One of the most common “how to” questions I hear about using cameras is, “How do I make their faces lighter?”  It’s a fairly easy fix, and you’ll feel very triumphant once you’ve mastered it, but it’ll require switching off the fully automatic shooting mode of your dslr camera.  Here’s an example of a typical photo that, if you leave the settings on automatic, the faces will be darker than most people want.

Oregon Coast Family Photographer

These types of photos with faces that are too dark will always end up being the ones that have a really bright background.  The camera, bless it’s little computer heart, is great at determining what most photos should be exposed at (i.e. it will set the aperture and shutter speed so that most things are just as bright and dark as they’re supposed to be).  One thing that it can’t do is read your mind.  The camera is programmed to determine how light and dark to make things, but it doesn’t know that all you may care about is how light or dark someone’s face is.  In these situations, it’s up to you to override the camera, and with that you can say that you’re smarter than your highly technical tool!

The first step is to choose a camera mode like manual, shutter speed priority, or aperture priority.  If you haven’t set the camera off of the automatic mode before, choose the shutter speed priority, set the shutter speed (1/500 might be a place to start), and look for a phrase like “exposure compensation” in your camera manual.  It’ll instruct you how to overexpose (make your photo lighter than the camera thinks you should) your next photo.  If you choose to go fully manual, you’ll just want to set the exposure higher than the camera indicates.  I would encourage you to grab someone and bring them outside and take some photos of them with a bright sky background.  To really see how well this works, get down low and compose your photo with the sun behind your model and the background all sky.  You’ll end up with the sky losing all it’s detail and color, but your subject’s face will be lighter.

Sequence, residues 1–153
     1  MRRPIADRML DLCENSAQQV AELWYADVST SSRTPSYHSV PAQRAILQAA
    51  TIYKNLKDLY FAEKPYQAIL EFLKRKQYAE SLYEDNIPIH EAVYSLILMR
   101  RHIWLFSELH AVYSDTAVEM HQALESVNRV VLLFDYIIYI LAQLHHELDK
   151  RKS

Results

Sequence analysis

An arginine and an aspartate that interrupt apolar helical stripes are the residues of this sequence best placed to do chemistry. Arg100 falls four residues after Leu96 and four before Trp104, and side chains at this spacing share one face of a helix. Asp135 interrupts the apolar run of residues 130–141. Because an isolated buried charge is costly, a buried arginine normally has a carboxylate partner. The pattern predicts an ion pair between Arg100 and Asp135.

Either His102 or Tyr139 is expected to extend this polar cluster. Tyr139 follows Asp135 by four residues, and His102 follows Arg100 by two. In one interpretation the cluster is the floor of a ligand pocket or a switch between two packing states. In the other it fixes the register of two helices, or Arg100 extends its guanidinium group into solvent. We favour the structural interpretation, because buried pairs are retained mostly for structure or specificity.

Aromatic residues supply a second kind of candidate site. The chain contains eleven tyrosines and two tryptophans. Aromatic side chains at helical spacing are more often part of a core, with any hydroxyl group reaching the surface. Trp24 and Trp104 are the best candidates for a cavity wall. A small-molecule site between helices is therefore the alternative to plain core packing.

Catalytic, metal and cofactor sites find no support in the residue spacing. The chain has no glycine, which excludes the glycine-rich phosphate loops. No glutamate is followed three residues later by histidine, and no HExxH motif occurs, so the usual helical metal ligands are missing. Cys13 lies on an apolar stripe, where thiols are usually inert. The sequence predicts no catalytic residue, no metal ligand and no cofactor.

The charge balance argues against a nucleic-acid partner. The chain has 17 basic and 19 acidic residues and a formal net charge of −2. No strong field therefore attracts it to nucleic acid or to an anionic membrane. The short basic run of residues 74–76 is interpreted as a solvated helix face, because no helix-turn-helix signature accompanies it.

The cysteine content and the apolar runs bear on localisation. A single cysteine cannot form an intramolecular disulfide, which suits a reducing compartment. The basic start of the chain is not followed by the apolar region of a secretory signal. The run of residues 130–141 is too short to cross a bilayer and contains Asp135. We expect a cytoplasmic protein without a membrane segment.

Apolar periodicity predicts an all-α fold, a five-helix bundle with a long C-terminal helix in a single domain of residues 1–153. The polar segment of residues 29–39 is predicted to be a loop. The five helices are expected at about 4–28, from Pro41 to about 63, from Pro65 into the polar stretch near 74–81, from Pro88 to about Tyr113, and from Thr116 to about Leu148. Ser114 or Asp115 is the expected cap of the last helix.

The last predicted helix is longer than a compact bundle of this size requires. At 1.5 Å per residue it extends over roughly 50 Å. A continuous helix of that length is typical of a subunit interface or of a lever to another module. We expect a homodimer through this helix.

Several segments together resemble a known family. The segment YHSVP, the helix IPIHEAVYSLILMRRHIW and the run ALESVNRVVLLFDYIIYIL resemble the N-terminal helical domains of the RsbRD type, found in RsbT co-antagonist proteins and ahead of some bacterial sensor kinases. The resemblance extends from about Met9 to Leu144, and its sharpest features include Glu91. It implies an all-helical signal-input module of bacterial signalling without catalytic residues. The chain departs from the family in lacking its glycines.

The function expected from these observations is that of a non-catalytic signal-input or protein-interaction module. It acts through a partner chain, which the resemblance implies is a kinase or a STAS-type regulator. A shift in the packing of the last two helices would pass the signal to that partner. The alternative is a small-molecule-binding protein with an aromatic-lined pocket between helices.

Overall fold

Here’s the same photo as above, but this is what it would be like if I’d overexposed it.  The sky is brighter and without detail, but everyone’s faces are much closer to what I like.

Oregon Coast Family Photographer

Both of those photos are pretty much straight out of the camera without editing.  Take that photo and put dash of Lightroom and a pinch of Photoshop, and this is what you get.

Oregon Coast Family Photographer

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